There are times in a writer’s life when she doubts the validity of the choice to write.
Although of course a writer will tell you writing is not a choice. She cannot help but write. She must write. Even if it’s in a stolen few hours late in the evening when everyone else is asleep, or while waiting in the carpool or to distract her in the doctor’s office— a writer writes.
I’ve always been fascinated by words and where they come from. I try to write words that sweep the reader into a story that’s a short escape from everyday life.
Still I can’t help but wonder whether other paths in life are more useful, solid, active, constructive and worthy of praise. Not to mention more lucrative.
In America during the summer of 2016, does writing matter?
What could I write in the aftermath of the Orlando shooting? How could anything I write (on this blog) make a difference or be meaningful? I did a lot of thinking. And a lot of reading to see what others wrote to make some kind of sense out of the senseless.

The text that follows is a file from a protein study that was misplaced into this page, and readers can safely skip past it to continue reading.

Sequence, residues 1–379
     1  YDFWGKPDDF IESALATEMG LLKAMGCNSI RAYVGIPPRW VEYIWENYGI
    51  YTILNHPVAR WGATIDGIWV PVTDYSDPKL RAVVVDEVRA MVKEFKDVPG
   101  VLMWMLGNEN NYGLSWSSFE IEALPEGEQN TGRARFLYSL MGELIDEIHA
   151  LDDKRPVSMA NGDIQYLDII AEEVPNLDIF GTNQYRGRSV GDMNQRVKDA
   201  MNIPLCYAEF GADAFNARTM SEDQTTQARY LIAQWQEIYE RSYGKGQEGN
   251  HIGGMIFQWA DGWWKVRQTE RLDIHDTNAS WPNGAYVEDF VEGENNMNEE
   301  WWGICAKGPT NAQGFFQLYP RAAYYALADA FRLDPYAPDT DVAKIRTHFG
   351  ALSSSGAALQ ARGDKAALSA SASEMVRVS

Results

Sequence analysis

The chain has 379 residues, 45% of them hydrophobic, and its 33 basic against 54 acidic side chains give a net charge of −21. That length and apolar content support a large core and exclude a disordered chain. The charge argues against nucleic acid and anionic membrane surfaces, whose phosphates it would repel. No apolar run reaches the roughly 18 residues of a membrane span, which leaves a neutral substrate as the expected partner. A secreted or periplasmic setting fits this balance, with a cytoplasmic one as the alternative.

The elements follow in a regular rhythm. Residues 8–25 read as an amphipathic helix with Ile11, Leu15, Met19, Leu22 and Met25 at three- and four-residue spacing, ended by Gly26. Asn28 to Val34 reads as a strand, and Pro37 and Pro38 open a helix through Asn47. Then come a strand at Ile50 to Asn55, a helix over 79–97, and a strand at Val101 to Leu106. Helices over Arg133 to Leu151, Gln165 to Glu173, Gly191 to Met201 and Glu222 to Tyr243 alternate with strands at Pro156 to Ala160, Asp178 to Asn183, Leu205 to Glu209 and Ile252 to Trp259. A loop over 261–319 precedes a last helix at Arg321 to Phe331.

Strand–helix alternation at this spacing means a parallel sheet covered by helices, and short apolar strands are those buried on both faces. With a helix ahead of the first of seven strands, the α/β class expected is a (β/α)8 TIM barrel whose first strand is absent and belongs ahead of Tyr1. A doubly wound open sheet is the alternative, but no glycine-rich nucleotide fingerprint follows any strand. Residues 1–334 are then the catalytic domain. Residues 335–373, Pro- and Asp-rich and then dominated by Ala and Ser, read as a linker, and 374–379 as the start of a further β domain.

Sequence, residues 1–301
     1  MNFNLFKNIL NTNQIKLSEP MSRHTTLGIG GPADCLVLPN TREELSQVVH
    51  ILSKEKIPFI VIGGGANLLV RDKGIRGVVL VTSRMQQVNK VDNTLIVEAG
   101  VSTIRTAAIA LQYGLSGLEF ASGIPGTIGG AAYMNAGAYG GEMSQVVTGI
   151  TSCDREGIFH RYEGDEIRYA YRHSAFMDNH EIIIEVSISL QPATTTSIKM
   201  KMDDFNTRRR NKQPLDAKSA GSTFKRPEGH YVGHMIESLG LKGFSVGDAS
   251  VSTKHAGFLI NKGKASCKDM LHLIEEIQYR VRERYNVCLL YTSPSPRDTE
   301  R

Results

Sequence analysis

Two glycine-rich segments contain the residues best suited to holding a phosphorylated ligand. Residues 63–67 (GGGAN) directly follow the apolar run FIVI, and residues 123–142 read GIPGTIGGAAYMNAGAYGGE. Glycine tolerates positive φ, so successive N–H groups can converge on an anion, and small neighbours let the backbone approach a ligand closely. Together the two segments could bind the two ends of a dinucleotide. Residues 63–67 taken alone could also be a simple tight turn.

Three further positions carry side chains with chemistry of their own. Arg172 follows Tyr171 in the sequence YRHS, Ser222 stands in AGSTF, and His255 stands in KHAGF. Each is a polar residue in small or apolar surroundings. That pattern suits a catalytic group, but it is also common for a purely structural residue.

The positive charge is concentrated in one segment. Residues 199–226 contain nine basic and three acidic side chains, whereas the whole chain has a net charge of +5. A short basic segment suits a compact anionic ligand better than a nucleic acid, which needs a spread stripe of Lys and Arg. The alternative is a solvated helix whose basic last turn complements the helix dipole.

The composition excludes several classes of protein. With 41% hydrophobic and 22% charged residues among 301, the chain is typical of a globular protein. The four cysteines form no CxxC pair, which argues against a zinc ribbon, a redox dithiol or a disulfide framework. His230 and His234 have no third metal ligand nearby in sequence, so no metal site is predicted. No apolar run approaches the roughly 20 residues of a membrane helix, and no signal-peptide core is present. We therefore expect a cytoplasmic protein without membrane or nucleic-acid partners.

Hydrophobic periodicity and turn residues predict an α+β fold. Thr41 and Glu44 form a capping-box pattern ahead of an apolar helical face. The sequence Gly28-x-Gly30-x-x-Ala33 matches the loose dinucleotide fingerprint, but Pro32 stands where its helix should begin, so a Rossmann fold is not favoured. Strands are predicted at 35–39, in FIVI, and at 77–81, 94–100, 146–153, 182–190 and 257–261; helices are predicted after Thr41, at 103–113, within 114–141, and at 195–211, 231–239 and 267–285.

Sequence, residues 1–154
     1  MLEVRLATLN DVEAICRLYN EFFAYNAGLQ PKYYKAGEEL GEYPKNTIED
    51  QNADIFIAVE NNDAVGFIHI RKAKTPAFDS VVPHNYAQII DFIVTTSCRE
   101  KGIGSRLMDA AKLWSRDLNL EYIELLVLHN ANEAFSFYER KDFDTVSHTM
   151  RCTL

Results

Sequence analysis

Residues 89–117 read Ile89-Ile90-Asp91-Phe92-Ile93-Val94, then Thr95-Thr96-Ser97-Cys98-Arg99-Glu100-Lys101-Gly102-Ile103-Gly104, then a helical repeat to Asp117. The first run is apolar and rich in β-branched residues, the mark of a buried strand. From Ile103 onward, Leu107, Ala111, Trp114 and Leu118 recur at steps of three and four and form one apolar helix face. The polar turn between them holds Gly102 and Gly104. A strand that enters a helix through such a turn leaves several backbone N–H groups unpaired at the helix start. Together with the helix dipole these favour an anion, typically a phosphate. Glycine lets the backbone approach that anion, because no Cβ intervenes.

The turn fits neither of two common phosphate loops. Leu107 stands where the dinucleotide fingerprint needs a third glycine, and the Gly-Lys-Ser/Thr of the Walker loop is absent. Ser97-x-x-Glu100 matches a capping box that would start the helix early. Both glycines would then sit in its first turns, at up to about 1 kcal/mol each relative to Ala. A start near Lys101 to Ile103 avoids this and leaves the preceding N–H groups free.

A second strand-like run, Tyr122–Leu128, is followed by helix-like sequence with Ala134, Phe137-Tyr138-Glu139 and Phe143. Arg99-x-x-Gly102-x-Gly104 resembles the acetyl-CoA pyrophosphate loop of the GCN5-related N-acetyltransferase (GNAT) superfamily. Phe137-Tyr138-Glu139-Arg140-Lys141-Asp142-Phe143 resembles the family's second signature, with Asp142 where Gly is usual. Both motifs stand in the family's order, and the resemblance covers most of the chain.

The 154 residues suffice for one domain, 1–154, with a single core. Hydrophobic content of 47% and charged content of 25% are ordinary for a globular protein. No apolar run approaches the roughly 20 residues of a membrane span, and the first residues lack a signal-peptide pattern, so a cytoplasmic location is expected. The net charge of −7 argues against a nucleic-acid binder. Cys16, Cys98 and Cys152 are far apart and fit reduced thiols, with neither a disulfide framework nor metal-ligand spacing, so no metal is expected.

The more I think, the more I know that writing matters because words matter.
Everyone’s words matter.
Words are powerful.
Words need to be respected for their ability to sway, to lift, to impress, to persuade, to inform, or to transport as well as to embarrass, to bully, to confuse, to shame and to incite.
Words can lift when used to give a much-needed compliment to a perfect stranger.
Words can divide when they are identifiers that seem to give some people permission to hate.
Words can kill when they are repeated by bullies on social media.
Words are important.
Lately, I’ve come to respect words.